Posted by: tommybrennan | February 12, 2011

Heart Stories: When Death Becomes Real

It was 3 years ago this month that I was doing a measuring job in Brooklyn, NY.  I was measuring a 1,100,000 square foot medical building with my son John.  I noticed that I was having a difficult time keeping up with him.   We would run across Queens Boulevard in the morning (we were staying at the Pan American Hotel) and go to the McDonalds.   I noticed that I was strangely exhausted at this very small expenditure of energy.  I was also noticing that I was getting bloated.  It was also strange that I couldn’t sleep lying down.  I would awake gasping, and had to sleep with my head propped up with pillows.  I sure was out of shape.  So I thought.

I visited my pulmonary doctor on Monday, who discovered that I was in atrial fibrillation.   A heart arrhythmia that is common, and can potentially lead to a stroke.   An appointment was set up for Friday.   My visit went well.  “Just a little a-fib.  No big deal.  We’ll shock you.  200 joules to the chest.  You’ll be back in rhythm in no time. ”   Until they did an echo cardiogram.     My Trinidad-born cardiologist turned to me with a sober tone:  “This is not a normal heart”.   Very severe cardiac myopathy.   Congestive Heart Failure.  Severely enlarged heart.  Leaking valves.  Eject Fraction of 15%.   Resting heart rate of 140 bpm.  Wild tachycardia with atrial fibrillation.    A very serious diagnosis.   A heart transplant was an option – If my insurance would cover it.   My wonderful Julie and I were devastated.   How could this be?   Why God?  And suddenly it hit me.

I am mortal.   I am going to die.   It isn’t “if” I die.  It is “when” I die.  I had never given my own death much thought.  My perspective was that of Woody Allen.   It’s not that I am afraid to die, I just don’t want to be there when it happens.   Unfortunately, You will be the star at your own death, and it will be a solo performance.

I couldn’t lay down to sleep that night.  I was having severe angina (chest pain) and I couldn’t breathe when I laid down.  I had to sleep at the kitchen table sitting in a chair with my head resting on about 5 pillows.   My lovely Julie slept at the table with me.  It was then that I realized something very sobering, and very humbling.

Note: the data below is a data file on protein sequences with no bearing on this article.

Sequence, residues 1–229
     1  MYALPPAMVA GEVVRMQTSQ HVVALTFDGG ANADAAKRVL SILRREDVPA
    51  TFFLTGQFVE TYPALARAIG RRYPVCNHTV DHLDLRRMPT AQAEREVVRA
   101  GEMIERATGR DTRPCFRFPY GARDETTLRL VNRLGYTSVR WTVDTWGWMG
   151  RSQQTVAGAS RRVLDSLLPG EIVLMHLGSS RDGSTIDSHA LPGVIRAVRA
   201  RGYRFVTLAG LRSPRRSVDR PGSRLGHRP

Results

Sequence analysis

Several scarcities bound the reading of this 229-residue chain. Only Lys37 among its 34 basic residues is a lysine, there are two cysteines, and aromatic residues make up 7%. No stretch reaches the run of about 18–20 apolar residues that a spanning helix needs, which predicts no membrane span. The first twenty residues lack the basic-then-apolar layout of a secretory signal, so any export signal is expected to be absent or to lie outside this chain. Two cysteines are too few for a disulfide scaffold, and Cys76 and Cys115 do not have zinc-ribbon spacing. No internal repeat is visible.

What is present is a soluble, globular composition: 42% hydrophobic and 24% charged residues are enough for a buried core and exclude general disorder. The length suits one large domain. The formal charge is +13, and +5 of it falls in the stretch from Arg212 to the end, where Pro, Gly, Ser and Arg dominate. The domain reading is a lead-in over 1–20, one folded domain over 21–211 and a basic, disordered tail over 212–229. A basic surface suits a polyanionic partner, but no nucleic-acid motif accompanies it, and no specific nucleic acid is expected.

I lay there at the table with my head on the pillows.  I could hear my heartbeat through the pillow.   I heard the spastic rhythm, that sounded like a white guy trying to clap at a black church service.   I heard the long pauses, and actually thought that perhaps I had just heard my last heart beat.   It was then that I realized an enormous truth, that was very difficult to wrap my head around:  I can’t make  my heart beat.  I can’t put it into rhythm.   I cannot prolong my life by a second.  I am completely powerless to extend my stay on this earth.   My appointment with eternity may be coming up a whole lot sooner than I had expected.    That night, I got serious about a lot of things.   But I had a strangely strong belief that this was not going to be my end.   Even though the deck was stacked against me, I believed that I would live.

The purpose of this post is to bring you an awareness.   Your life is a gift of the most precious kind.   What can you do to replace it?  Prolong it?   Create it?    Nothing.    It was given to you by the Hands of a Loving God.  You won’t live on this planet forever.   You have a date with the reaper, and so do I .    Make your days memorable.   Do what needs to be done.  Say what needs to be said.   Hope in God.   Don’t hold on to grudges.  Don’t keep the mess going.

You cannot add a second to your life, but you can make all of the seconds you have left, the best that they can be.   Let each heartbeat be a celebration.  It should be, because it is a gift you cannot ask for.  It is simply given for you to enjoy.

This is the first of a series of Heart Stories.



  1. Beautifully written. Gets to the heart of the issue (no pun intended!). Thanks!

  2. oh wow, Dad. Phenomenal.

  3. Another inspiring one, bro!


  4. A poignant reminder, not only of our mortality, but also of the gift of life. I like how the New American Standard translates Ps. 90:12 “So teach us to number our days, That we may present to You a heart of wisdom.” Apropos, of your post, I would say.

    For some reason, I am also, as I write this, put in mind of Jacob Marley’s words to his partner Ebenezer Scrooge “Mankind was my business. The common welfare was my business; charity, mercy, forbearance, benevolence, were all my business. The dealings of my trade were but a drop of water in the comprehensive ocean of my business!”

    Make the most of the moments left to us, indeed, Tom.

  5. Thanks for reading Dorwin. And I love the Marley quote. I always was struck by Marley’s Ghost, as he was recounting those deeds that Christ commanded us to perform. He was haunted by his own lack of compassion on our fellow man. May it not be said of us, brother.

  6. Thanks for sharing that Tom. It is a powerful reminder.

    • You’re welcome Paul! Thanks for reading.

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